The snow had stopped for a day then came back with a vengeance, the snowflakes raining from the sky like little white meteors.
Kate had long ago disconnected the phone, tired of the ringing. The constant ringing. She was still in her dress. Flower petals were still on the bed.
She had also discovered that silence didn’t ring. No, silence had a voice. A slippery, quiet voice that she was determined to find.
“Oh, I’ll find you alright.” Kate said, pushing aside the blankets in the closet to look inside.
She couldn’t find it. She couldn’t find it anywhere.
Kate. We’re here—us. Find us.
Them. It was a them. She couldn’t find them. Why couldn’t she find them?
It was too noisy. That was why. She needed quiet. She needed quiet to hear the Silence.
She could see nothing outside her windows because the snow had piled so high. It was a good thing the Silence was inside because she didn’t want to have to go outside searching. So instead she tore down anything that made a noise or could make a noise.
Like the faucet. The faucet going drip, drip, drip to stop the lines from freezing.
–us. We can—if— Drip, drip. –find us. Find us!
The ever-leaking faucet subdued the location of the tantalizing Silence, cloaking their owners’ whereabouts from Kate’s vigilant search.
Screeching with frustration, she turned the handles on the bathroom sink as hard as she could, pushing her nest of un-brushed hair away from her face.
“Righty tighty, lefty loosey,” she muttered, turning the knobs further. “Righty tighty . . . lefty loosey.” She twisted more. “Righty tighty. Lefty loosey.” The knobs’ surfaces cracked, causing the unyielding drip to become a stream. Screaming, Kate grabbed the faucet head with both hands, pulling until it gave way with a satisfying groan.
She smiled as the stream slowly died, transforming into a pool of steadily-increasing volume. But it was quiet, and that was all that mattered.
—Kate. Find us, Kate.
Kate cocked her head to one side, listening. But the soft hum of the still ceiling fan drowned them out, and she stumbled toward it with a feral growl.
The dog barked, and Kate slowly turned to scrutinize it. It whined, backing into a corner as she advanced.
Five minutes later, Kate was sure the thing would never bark again.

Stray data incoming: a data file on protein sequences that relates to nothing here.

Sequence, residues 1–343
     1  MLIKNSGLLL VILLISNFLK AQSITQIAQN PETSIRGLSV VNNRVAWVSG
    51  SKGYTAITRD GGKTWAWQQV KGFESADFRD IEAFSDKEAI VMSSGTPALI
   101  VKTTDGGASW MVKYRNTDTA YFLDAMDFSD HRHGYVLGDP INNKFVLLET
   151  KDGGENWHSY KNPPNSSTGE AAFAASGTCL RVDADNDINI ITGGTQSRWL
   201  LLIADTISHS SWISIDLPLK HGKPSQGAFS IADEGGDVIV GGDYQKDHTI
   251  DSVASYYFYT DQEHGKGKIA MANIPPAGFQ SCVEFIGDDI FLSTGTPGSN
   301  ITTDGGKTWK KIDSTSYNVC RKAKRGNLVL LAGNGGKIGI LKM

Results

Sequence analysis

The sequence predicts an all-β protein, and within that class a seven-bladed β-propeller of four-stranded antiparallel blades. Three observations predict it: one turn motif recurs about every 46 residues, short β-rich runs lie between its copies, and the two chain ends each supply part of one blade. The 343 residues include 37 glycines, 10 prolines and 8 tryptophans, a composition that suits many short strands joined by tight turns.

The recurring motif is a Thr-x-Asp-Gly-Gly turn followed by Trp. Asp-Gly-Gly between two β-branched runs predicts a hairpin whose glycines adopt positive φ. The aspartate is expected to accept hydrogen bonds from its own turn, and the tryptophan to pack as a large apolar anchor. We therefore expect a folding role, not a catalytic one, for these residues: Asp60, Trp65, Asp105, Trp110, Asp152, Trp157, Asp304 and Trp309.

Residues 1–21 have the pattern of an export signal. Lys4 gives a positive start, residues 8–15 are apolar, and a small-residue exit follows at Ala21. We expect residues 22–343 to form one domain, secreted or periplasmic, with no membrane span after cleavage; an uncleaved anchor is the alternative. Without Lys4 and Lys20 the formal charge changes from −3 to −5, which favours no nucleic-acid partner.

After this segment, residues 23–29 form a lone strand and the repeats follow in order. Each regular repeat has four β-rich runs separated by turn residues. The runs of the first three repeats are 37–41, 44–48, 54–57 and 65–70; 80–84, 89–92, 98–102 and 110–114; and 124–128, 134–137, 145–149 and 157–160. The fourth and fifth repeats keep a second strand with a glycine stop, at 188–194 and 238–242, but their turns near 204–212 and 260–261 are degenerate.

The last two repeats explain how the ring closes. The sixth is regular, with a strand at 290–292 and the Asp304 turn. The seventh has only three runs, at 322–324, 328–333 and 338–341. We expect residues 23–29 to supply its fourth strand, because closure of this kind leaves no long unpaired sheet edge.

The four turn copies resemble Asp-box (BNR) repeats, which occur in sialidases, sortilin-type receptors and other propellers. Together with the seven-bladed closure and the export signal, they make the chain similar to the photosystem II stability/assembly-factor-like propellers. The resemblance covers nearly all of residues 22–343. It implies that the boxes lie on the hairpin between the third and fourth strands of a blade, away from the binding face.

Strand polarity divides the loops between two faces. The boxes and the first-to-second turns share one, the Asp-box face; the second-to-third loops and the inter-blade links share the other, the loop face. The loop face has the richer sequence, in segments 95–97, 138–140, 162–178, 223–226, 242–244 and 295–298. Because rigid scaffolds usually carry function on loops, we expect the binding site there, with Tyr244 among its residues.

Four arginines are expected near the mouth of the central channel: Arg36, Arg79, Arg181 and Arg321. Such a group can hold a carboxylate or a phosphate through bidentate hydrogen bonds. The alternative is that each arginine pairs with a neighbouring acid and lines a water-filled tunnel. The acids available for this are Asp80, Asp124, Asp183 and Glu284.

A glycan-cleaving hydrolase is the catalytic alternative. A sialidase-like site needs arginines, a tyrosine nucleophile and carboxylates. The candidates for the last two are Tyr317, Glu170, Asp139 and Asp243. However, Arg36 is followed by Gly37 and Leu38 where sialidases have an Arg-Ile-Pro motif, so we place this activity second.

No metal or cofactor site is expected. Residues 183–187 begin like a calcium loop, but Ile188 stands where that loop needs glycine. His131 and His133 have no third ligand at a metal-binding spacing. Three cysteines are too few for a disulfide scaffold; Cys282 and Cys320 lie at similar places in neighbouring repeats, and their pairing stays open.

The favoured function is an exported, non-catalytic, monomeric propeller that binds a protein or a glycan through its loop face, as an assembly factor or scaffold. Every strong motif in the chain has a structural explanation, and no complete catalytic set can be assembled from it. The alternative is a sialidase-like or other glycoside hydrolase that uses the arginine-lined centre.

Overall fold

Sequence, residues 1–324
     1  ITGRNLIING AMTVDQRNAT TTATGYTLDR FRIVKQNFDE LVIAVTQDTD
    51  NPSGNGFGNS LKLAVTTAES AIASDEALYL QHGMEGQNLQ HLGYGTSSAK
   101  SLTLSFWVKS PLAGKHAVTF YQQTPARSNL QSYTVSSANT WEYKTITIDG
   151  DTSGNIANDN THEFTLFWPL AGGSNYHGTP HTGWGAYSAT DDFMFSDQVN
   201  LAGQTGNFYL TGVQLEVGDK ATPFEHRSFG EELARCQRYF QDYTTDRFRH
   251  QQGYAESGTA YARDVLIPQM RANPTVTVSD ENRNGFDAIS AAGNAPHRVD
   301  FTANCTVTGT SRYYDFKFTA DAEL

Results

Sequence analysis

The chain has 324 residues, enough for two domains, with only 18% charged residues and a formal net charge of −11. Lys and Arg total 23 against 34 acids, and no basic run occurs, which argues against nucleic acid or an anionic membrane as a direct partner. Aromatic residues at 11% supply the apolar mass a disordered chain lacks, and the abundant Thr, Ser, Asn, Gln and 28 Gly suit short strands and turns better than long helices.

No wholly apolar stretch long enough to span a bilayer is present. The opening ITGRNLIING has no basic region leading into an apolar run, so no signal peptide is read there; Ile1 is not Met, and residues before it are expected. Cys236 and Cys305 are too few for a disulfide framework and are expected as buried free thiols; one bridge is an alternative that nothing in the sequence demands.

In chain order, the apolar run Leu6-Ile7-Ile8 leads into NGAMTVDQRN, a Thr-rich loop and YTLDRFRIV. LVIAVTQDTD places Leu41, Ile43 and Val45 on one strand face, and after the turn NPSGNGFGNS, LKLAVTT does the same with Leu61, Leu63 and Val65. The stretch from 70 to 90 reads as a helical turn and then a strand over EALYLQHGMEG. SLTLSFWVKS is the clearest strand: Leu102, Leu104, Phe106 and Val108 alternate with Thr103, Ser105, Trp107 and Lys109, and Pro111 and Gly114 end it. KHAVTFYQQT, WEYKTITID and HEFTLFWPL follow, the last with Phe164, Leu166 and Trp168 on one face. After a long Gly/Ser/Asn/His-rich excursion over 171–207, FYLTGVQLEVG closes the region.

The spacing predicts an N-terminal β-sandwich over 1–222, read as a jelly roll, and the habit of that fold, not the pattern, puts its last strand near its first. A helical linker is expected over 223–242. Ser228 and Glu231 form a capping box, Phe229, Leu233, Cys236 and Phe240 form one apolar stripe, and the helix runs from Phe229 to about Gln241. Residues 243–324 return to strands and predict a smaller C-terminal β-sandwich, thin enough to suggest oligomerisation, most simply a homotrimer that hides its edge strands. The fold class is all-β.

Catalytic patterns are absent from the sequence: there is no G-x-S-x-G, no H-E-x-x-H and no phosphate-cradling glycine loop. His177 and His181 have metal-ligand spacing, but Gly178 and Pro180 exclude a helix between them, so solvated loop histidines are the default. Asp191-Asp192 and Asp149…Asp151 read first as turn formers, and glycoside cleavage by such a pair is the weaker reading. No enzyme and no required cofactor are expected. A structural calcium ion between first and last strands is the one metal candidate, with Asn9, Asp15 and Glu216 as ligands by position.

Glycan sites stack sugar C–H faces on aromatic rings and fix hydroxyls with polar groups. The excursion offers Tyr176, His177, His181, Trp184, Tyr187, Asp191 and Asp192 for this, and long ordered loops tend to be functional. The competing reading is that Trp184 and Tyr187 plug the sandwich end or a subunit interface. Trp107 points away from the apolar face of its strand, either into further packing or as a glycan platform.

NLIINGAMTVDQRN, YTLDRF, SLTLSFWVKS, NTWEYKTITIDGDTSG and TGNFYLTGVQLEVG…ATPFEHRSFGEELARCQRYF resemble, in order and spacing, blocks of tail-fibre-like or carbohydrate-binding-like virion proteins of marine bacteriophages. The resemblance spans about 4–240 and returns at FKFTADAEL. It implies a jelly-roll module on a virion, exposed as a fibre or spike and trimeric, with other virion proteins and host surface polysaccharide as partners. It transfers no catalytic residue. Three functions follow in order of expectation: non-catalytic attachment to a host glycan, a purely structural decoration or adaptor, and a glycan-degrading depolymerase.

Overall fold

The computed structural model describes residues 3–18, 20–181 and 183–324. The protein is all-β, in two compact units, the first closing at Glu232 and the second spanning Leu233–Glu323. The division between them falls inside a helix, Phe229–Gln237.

She had searched. Everywhere.
Haven’t found us. Can’t find us. We’re not inside.
Well. That would have been nice to know two days ago.
Kate turned from the disassembled living room and opened the door. Snow fell in onto the hardwood floor and the wind screeched louder.
Beneath it, though, she could hear the Silence. It waited for her amid the sounds of winged laughter on the wind.
Author’s Note: For those of you who hate animals dying in writing as much as I do, I’ve written this very short epilogue to make you (and myself) feel better about the very dark turn of this story:
Maxie could smell that something was off. Not no-Kibbles-in-the-bowl off or a storm-coming off, but off. He had never seen his big sister act this way before.
So he did the only thing he could: he made a plan.
When Kate began tearing through the hallway closets, muttering something that wasn’t “sit” or “treat” or “good boy,” Max padded to the second bedroom where Kate kept her sewing stuff. And he began to sew.
When he was finished, he put the exact replica of himself—complete with barking recorder and a wagging tail—by the fire. Then he got to work on the door. He used a big white cloth to cover it from top to bottom and stapled it to the doorway. No one was getting out of this house until Alec came home. Because the nice Alec, like always, would know what to do.
So when Kate tried to exit the cabin, she only ran into an impenetrable blanket. And when she finally succumbed to days without sleep, Max curled up beside her until he heard the honk of Alec’s horn in the drive.
Oh, yes. The life of a good dog could be hard sometimes. He would expect several treats just as soon as Big Sister was better.